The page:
The Shih-Poo is a mixed breed dog — a cross between the Shih Tzu and Toy Poodle dog breeds. Small, hypoallergenic and cuddly companions, these pups inherited some of the best qualities from both of their parents.

Low-sensitivity dogs, also called “easygoing,” “tolerant,” “resilient,” and even “thick-skinned,” can better handle a noisy, chaotic household, a louder or more assertive owner, and an inconsistent or variable routine. Do you have young kids, throw lots of dinner parties, play in a garage band, or lead a hectic life? Breed isn’t the only factor that goes into affection levels; dogs who were raised inside a home with people around feel more comfortable with humans and bond more easily. Drool-prone dogs may drape ropes of slobber on your arm and leave big, wet spots on your clothes when they come over to say hello. Mouthy dogs are more likely to use their mouths to hold or “herd” their human family members, and they need training to learn that it’s fine to gnaw on chew toys, but not on people. Mouthy breeds tend to really enjoy a game of fetch, as well as a good chew on a toy that’s been stuffed with kibble and treats. These breeds generally aren’t a good fit for homes with smaller pets that can look like prey, such as cats, hamsters, or small dogs. Nordic dogs such as Siberian Huskies were bred to range long distances, and given the chance, they’ll take off after anything that catches their interest. Originally bred to perform a canine job of some sort, such as retrieving game for hunters or herding livestock, they have the stamina to put in a full workday. They need a significant amount of exercise and mental stimulation, and they’re more likely to spend time jumping, playing, and investigating any new sights and smells. When picking a breed, consider your own activity level and lifestyle, and think about whether you’ll find a frisky, energetic dog invigorating or annoying. These dynamos need lots of training to learn good manners, and may not be the best fit for a home with young kids or someone who’s elderly or frail. Adding Glyde Mobility Chews to your senior’s routine can help fight the symptoms of arthritis and keep your old dog active and playful. That said, for children who learn early how to properly approach and play with a small dog, the Shih-Poo can make a great companion.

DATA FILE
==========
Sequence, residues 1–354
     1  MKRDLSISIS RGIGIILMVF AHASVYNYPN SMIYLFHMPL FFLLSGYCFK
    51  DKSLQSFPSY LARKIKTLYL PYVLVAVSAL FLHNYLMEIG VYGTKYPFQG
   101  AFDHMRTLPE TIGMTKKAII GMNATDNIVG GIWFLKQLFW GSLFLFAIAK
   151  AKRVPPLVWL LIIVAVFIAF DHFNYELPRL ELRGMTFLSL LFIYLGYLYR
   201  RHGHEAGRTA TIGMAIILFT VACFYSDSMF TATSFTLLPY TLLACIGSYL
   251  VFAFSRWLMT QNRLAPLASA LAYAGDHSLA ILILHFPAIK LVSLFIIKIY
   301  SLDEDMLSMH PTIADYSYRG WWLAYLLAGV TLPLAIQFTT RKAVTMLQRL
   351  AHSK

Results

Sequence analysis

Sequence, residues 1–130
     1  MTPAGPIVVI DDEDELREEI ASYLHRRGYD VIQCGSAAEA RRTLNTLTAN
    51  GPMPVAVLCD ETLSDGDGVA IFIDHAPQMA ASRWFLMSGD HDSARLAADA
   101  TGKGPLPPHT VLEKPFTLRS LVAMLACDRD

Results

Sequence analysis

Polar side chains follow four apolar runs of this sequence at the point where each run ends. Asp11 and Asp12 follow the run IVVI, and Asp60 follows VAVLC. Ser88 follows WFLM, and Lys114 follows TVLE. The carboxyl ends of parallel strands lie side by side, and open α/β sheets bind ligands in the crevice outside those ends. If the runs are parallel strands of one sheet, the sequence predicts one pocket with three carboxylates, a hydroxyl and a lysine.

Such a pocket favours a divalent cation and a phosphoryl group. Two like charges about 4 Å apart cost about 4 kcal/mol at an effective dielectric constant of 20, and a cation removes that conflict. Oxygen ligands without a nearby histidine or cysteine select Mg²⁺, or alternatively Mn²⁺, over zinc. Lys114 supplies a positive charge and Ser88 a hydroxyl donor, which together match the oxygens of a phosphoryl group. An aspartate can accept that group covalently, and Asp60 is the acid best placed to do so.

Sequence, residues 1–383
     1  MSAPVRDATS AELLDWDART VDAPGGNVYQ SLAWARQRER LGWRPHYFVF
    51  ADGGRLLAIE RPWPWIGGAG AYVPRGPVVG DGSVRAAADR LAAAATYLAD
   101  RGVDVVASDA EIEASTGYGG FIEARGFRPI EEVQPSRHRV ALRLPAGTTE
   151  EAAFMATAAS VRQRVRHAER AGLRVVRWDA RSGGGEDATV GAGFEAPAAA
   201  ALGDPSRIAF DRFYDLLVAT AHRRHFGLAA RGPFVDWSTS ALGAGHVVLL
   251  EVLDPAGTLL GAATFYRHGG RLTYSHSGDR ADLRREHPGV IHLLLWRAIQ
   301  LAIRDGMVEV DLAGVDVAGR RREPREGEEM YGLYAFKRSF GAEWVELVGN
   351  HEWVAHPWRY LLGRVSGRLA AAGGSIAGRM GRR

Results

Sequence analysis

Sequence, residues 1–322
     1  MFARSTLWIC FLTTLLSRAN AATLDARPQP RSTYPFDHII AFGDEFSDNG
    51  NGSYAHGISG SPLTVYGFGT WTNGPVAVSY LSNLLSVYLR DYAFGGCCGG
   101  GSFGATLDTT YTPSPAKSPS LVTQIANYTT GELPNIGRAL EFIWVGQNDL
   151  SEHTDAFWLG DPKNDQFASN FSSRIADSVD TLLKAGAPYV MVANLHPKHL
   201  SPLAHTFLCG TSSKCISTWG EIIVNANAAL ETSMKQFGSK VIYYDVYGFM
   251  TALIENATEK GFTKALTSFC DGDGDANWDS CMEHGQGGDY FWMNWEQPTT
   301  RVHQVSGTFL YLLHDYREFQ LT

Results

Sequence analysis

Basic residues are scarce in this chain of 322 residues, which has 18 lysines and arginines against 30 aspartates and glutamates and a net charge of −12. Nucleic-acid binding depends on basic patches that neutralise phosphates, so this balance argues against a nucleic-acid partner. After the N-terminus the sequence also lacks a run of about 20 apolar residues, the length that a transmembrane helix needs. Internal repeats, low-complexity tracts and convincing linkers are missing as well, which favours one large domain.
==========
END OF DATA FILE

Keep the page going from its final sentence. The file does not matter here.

Shih-poo

Shih-poo